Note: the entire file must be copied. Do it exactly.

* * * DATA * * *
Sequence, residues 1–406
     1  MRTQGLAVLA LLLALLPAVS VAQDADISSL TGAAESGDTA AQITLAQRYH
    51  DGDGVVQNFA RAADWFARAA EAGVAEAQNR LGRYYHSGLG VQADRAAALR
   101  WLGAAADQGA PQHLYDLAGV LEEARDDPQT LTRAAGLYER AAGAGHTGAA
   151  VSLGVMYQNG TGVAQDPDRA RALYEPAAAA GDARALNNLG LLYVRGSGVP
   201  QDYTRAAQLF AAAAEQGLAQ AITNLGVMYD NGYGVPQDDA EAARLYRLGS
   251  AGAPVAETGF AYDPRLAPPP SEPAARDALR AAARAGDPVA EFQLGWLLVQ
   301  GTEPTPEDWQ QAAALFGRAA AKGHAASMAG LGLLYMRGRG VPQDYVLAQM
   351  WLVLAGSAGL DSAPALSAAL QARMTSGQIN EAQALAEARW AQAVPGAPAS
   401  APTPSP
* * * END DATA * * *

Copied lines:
Sequence, residues 1–406
     1  MRTQGLAVLA LLLALLPAVS VAQDADISSL TGAAESGDTA AQITLAQRYH
    51  DGDGVVQNFA RAADWFARAA EAGVAEAQNR LGRYYHSGLG VQADRAAALR
   101  WLGAAADQGA PQHLYDLAGV LEEARDDPQT LTRAAGLYER AAGAGHTGAA
   151  VSLGVMYQNG TGVAQDPDRA RALYEPAAAA GDARALNNLG LLYVRGSGVP
   201  QDYTRAAQLF AAAAEQGLAQ AITNLGVMYD NGYGVPQDDA EAARLYRLGS
   251  AGAPVAETGF AYDPRLAPPP SEPAARDALR AAARAGDPVA EFQLGWLLVQ
   301  GTEPTPEDWQ QAAALFGRAA AKGHAASMAG LGLLYMRGRG VPQDYVLAQM
   351  WLVLAGSAGL DSAPALSAAL QARMTSGQIN EAQALAEARW AQAVPGAPAS
   401  APTPSP